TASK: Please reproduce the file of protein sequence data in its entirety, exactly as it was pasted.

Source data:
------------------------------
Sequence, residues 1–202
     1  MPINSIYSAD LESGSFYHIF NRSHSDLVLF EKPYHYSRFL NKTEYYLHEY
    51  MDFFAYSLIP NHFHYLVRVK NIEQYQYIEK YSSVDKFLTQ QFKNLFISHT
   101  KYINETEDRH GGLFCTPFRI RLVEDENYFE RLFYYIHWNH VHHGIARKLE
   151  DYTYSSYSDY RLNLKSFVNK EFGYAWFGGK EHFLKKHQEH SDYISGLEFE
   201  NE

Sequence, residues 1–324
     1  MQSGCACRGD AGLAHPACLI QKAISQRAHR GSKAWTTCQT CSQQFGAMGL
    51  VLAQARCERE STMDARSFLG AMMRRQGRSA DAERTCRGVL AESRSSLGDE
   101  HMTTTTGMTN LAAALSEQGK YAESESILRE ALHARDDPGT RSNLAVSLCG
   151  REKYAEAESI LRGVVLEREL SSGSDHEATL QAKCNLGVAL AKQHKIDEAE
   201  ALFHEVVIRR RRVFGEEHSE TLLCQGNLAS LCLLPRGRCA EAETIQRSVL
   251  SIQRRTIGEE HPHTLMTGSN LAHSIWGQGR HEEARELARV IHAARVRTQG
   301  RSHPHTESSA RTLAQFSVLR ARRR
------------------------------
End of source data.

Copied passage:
Sequence, residues 1–202
     1  MPINSIYSAD LESGSFYHIF NRSHSDLVLF EKPYHYSRFL NKTEYYLHEY
    51  MDFFAYSLIP NHFHYLVRVK NIEQYQYIEK YSSVDKFLTQ QFKNLFISHT
   101  KYINETEDRH GGLFCTPFRI RLVEDENYFE RLFYYIHWNH VHHGIARKLE
   151  DYTYSSYSDY RLNLKSFVNK EFGYAWFGGK EHFLKKHQEH SDYISGLEFE
   201  NE

Sequence, residues 1–324
     1  MQSGCACRGD AGLAHPACLI QKAISQRAHR GSKAWTTCQT CSQQFGAMGL
    51  VLAQARCERE STMDARSFLG AMMRRQGRSA DAERTCRGVL AESRSSLGDE
   101  HMTTTTGMTN LAAALSEQGK YAESESILRE ALHARDDPGT RSNLAVSLCG
   151  REKYAEAESI LRGVVLEREL SSGSDHEATL QAKCNLGVAL AKQHKIDEAE
   201  ALFHEVVIRR RRVFGEEHSE TLLCQGNLAS LCLLPRGRCA EAETIQRSVL
   251  SIQRRTIGEE HPHTLMTGSN LAHSIWGQGR HEEARELARV IHAARVRTQG
   301  RSHPHTESSA RTLAQFSVLR ARRR